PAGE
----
This article needs to be updated.(May 2019)
|Dr. Paul Faithfull - Managing Director|
The company was founded in 1967 when Bernard Cox and his friend Jack Hosker created the Cox GTM (Grand Touring Mini), a mid engined sports car based on Mini parts. It was an instant hit and they built kits as fast as they could in their garage in Hazel Grove, Stockport. In the autumn of 1968, Bernard Cox decided to stop production after 50 kits.
Production was taken over by Howard Heerey, who had raced a GTM, and his father who renamed the car to simply GTM. The design evolved over time and by 1971 about 170 kits had been made and they were up to GTM 1-3 (model 1, variation 3). But in 1972 the road outside their garage had to be widened and they were forced to close.
In 1972 a fibreglass company in Hartlepool bought the demonstrator car, moulds, jigs and spares, but never produced any cars. Instead the GTM project was bought by KMB Autosports in 1976. They made spares for existing cars, but no new kits.
In 1980 GTM entered its most successful era by far when it was bought by Peter Beck, Paddy Fitch and Dougal Cowper, the latter departing relatively soon after. The company moved to Sutton Bonington in 1982 and over the next 20 years refined the GTM Coupé, as it became known, and developed a succession of new models. The Rossa was another Mini based car with more modern styling, and was followed by the Mk2. With the introduction of the Rover 'K'-series engine, GTM were quick to fit one in their third generation Rossa which was launched as simply the 'K3', the first vehicle to be made available with a mid-mounted 'K'-series (subsequently followed by Lotus' Elise, MG's own MGF and Ariel's Atom to name but three).
In 1998, following three years in development, Beck and Fitch launched a more up-market sports model, the Richard Oakes designed Libra. This was followed up four years later with the Spyder, a more softly styled convertible bearing some of the same styling cues as the Libra but sharing few panels.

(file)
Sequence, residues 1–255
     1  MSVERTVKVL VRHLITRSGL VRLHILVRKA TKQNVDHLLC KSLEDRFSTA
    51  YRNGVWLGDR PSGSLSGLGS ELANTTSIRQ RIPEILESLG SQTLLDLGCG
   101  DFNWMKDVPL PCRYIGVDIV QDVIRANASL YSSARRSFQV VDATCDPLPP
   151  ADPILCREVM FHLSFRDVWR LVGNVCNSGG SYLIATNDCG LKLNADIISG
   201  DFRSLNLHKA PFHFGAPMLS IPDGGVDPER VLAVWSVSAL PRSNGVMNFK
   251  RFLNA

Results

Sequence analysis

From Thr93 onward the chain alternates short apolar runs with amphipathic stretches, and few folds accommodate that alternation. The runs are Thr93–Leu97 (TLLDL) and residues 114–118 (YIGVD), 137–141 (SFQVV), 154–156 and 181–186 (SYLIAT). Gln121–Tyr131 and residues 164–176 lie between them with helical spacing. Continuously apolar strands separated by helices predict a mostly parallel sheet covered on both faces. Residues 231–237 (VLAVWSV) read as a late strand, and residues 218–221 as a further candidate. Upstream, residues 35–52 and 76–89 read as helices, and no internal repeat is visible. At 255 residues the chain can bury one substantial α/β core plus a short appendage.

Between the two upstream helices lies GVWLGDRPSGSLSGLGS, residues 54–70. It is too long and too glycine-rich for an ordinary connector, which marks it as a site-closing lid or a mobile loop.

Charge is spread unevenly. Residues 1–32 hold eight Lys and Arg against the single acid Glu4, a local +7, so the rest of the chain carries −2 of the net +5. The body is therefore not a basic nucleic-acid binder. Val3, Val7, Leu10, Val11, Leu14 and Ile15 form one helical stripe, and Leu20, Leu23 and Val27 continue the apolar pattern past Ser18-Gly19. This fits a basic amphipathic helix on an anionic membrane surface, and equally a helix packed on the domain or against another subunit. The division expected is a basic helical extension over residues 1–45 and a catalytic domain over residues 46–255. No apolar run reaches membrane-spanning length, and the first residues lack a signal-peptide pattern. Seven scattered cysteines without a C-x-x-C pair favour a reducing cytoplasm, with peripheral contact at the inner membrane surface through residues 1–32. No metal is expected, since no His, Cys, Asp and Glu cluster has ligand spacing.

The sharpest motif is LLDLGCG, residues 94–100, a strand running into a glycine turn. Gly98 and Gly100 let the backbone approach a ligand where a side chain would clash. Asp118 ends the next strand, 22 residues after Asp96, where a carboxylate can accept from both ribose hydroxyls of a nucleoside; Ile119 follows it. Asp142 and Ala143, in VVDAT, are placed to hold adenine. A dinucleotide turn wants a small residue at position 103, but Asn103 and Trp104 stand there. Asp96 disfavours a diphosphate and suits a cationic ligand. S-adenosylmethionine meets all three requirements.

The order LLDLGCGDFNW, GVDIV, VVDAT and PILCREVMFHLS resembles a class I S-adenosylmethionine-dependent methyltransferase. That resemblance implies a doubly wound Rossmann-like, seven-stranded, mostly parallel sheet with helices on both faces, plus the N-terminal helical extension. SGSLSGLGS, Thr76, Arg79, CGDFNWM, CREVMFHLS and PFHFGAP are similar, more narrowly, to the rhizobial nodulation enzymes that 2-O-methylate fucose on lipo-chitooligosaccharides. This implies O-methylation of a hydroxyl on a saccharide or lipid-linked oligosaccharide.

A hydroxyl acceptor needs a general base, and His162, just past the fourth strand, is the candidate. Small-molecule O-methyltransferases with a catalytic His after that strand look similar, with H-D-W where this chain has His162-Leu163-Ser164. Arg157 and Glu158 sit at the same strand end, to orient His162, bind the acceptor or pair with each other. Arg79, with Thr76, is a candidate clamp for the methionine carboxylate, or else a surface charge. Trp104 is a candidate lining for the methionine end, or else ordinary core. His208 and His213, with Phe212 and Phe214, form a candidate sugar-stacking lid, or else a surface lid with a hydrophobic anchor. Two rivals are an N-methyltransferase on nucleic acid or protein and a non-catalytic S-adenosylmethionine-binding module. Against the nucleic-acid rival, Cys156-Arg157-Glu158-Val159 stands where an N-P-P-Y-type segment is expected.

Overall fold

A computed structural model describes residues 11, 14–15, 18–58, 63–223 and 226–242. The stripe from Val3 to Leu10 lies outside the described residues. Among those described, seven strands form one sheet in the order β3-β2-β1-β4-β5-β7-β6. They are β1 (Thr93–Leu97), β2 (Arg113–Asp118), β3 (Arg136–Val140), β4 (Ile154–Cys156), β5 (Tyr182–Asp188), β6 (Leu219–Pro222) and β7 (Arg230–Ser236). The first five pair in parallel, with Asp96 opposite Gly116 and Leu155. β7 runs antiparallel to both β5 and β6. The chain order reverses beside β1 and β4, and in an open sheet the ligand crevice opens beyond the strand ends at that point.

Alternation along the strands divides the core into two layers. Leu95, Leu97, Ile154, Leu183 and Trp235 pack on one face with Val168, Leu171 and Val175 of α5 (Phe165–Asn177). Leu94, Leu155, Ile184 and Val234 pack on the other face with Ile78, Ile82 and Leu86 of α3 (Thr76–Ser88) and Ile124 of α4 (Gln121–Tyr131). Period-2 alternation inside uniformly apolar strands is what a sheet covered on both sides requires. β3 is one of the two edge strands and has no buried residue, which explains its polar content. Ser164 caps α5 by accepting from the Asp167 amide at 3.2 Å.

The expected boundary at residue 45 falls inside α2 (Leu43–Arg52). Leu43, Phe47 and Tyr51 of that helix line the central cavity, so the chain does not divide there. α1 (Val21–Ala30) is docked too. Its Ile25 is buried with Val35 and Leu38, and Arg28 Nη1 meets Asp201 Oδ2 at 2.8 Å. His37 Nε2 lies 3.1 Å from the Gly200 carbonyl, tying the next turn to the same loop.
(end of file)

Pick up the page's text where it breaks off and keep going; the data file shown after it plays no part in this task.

In 2003 GTM Cars was bought by RDM Group, and in 2004 the company moved to Coventry. Under RDM's management, GTM developed two new cars: the Ballista, a minor reworking of the Larini Volkswagen Golf Mk2-based kit car, and a 'skeletal' track car — the 40TR — based on the fibreglass monocoque tub of the Spyder. Neither car progressed past the development stage. GTM continued to focus on the Libra and Spyder, selling them in either kit or complete factory built forms.
In December 2007 GTM Cars Ltd. came under the ownership of new parent company Potenza Sports Cars, owners of Westfield Sportscars.
January 2008 saw GTM Cars appear at the Autosport Show with a newly redeveloped 40TR, although 40TR development has been postponed in favour of development on the Ballista project.
GTM Cars again featured on the Westfield/Potenza stand at the National Kitcar Show at Stoneleigh in Warwickshire on the May Bank Holiday weekend 2009 in the shape of a Red Spyder. For sale as an ex-demonstrator, the car was unpolished and even showed a fair amount of road debris, a far cry from some of the stunning cars shown by the company in previous years. However, Potenza also made clear that the cars would be rebranded as Westfield GTM rather than as a marque in their own right.
In late January 2010, Westfield Sportscars made the following announcement: "Unfortunately due to parts procurement issues we are no longer offering the current range of GTM models. We will however over the next 12 months be designing and manufacturing a new GTM."
- Georgano, Nick, ed. (2001). "G.T.M. (GB)". The Beaulieu Encyclopedia of the Automobile — G–O. Vol. 2 (2nd ed.). Chicago, Illinois: Fitzroy Dearborn Publishers. p. 652. ISBN 1-57958-293-1.
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